Paula Jones Gets $1-Million Nudge in Suit


The sexual harassment lawsuit against President Clinton edged closer to settlement Saturday when Paula Corbin Jones stepped before television cameras to accept a $1-million check from New York real estate mogul Abe Hirschfeld.

Hirschfeld said the check, which was made out to Jones as well as her current and former lawyers, should help both sides complete negotiations within a matter of days.

Others were less certain.

Harvard Hollenberg, Hirschfeld’s longtime attorney who stood beside his client at the Mayflower Hotel ceremony, cautioned reporters that “there are several steps to go,” but he would not elaborate on them. He said actual transfer of the funds would await final settlement of the 4-year-old suit by lawyers for Clinton and Jones, but he specified no deadline.


Jones, who lives in Long Beach with her husband and two small children, exchanged kisses on the cheek with the grandfatherly Hirschfeld and said: “I want to thank you for your very generous offer.”

Hirschfeld, a onetime Democratic activist who has a reputation for eccentricity, stressed that he has no personal interest in the lawsuit and had never spoken with Jones before.

He said he simply wanted to end the case “so the president will have a clear head and be able to function in carrying out the nation’s business.” Asked why he made this move three days before the midterm elections, Hirschfeld replied: “I would like to have done it six months earlier.”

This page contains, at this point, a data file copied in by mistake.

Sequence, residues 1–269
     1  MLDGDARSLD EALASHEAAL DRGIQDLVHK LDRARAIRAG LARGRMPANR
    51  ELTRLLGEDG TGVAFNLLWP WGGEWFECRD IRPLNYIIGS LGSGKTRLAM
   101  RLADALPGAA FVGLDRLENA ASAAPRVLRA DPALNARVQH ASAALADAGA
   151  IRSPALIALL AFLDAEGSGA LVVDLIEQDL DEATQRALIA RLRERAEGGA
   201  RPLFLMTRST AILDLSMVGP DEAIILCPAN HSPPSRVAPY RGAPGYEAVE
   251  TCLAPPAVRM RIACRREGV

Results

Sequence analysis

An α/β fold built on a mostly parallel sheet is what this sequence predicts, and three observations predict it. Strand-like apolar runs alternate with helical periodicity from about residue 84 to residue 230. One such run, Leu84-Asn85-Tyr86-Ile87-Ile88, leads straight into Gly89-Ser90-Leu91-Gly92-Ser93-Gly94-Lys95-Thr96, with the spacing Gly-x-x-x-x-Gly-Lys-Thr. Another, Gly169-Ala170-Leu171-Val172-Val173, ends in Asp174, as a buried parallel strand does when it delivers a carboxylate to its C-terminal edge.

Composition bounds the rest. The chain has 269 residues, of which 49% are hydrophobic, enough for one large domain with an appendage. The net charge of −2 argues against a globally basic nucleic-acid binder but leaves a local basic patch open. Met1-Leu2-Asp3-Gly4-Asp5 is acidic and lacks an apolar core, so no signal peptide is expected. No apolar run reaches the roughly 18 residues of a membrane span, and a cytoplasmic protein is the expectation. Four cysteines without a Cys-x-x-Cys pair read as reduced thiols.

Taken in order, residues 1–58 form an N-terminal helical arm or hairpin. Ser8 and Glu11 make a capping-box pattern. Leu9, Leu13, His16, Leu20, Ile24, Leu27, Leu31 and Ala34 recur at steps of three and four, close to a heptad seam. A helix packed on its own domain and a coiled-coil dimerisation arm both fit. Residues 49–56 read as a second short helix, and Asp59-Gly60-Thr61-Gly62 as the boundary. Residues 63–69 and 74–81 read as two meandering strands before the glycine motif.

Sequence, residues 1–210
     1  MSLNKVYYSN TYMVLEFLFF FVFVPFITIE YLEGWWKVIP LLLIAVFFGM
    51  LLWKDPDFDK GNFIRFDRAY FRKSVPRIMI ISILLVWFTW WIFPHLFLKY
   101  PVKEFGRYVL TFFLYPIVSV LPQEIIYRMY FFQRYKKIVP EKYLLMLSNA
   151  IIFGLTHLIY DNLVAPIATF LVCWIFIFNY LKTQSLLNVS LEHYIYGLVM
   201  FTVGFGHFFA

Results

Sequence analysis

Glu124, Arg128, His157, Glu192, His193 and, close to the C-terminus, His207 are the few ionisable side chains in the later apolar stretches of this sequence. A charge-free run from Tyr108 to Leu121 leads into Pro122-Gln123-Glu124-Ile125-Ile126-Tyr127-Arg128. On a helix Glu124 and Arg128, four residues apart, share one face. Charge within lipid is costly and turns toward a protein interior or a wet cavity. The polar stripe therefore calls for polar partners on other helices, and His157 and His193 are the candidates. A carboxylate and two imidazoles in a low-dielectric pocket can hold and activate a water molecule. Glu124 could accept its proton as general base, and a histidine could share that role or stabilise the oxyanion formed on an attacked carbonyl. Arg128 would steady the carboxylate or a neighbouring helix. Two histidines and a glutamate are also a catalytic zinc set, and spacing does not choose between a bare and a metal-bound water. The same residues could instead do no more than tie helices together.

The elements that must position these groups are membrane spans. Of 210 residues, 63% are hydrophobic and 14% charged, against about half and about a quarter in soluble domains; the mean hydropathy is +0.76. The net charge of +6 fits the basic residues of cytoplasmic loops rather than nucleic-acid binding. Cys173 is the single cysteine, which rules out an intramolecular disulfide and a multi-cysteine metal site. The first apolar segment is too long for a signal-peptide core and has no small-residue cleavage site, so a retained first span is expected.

Clinton’s lawyers have shied away from any cash settlement of the suit in which the erratic Hirschfeld plays a major role, largely because he is under indictment on 123 counts of income tax fraud. His $1-million offer could be seen as an attempt to gain favor with the Clinton administration to solve his tax troubles, sources close to Clinton have said.

One legal source said the latest move, however, may be an effort by Jones’ lawyers to make Hirschfeld’s contribution a “done deal” separate from any subsequent payment by Clinton to settle the dispute.

Robert S. Bennett, Clinton’s chief attorney in the Jones case, has so far offered $700,000 toward settlement. He said he had nothing to do with Hirschfeld’s latest move and did not know about it.

Bennett said he doubts a settlement is near, adding: “I’m going to approach this very cautiously.”

James A. Fisher, a member of Jones’ Dallas-based legal team, was present to observe the check transfer but declined comment when asked what role, if any, he played or whether he expects a settlement soon.


Competing claims for legal fees from Jones’ current and former lawyers have further complicated resolution of the case. Washington lawyers Joseph Cammarata and Gilbert K. Davis, who represented Jones until she fired them a year ago, have filed court papers seeking $800,000 in past legal bills. Fisher and his firm have amassed $1.5 million in legal expenses in the last 13 months.

Jones alleged in her 1994 lawsuit that Clinton, while Arkansas governor, summoned her to his hotel room in 1991, exposed himself and asked her for oral sex, which she said she refused. A federal judge in Little Rock dismissed the suit in April, but a federal appeals court is studying whether to reinstate it.

Hirschfeld, 78, who once said his $1-million contribution was contingent upon Jones getting all of the money, said Saturday he trusted the lawyers to work out “the garbage paperwork” and agree on a split with Jones.

Susan Carpenter-McMillan, Jones’ close friend and spokeswoman, said she is optimistic Hirschfeld’s payment will lead to a settlement both sides can accept. Carpenter-McMillan said she believes her husband, Bill, a Pasadena attorney, can mediate a fair division of settlement funds between Jones and all of her lawyers.